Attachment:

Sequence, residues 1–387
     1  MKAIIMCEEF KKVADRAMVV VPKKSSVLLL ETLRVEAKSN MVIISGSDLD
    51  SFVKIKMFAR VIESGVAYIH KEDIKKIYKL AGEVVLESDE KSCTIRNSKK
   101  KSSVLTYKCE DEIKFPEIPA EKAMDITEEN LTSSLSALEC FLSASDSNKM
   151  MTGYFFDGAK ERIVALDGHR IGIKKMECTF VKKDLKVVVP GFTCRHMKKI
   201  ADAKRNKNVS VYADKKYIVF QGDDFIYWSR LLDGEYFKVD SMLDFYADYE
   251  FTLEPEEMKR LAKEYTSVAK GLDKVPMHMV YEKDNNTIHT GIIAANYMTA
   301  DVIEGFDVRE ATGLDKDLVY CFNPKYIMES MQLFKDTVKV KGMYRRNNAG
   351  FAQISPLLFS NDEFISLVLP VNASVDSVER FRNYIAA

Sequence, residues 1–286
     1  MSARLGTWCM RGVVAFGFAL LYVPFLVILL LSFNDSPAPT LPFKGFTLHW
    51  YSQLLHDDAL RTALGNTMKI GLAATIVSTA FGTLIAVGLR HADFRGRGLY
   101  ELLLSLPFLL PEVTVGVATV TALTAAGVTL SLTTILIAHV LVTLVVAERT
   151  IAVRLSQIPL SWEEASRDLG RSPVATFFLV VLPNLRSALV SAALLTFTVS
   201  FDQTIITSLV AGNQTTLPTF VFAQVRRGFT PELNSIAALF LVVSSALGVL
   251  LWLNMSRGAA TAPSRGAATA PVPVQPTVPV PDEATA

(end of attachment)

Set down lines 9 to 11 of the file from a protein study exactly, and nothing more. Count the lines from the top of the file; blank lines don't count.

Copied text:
   351  FAQISPLLFS NDEFISLVLP VNASVDSVER FRNYIAA

Sequence, residues 1–286
     1  MSARLGTWCM RGVVAFGFAL LYVPFLVILL LSFNDSPAPT LPFKGFTLHW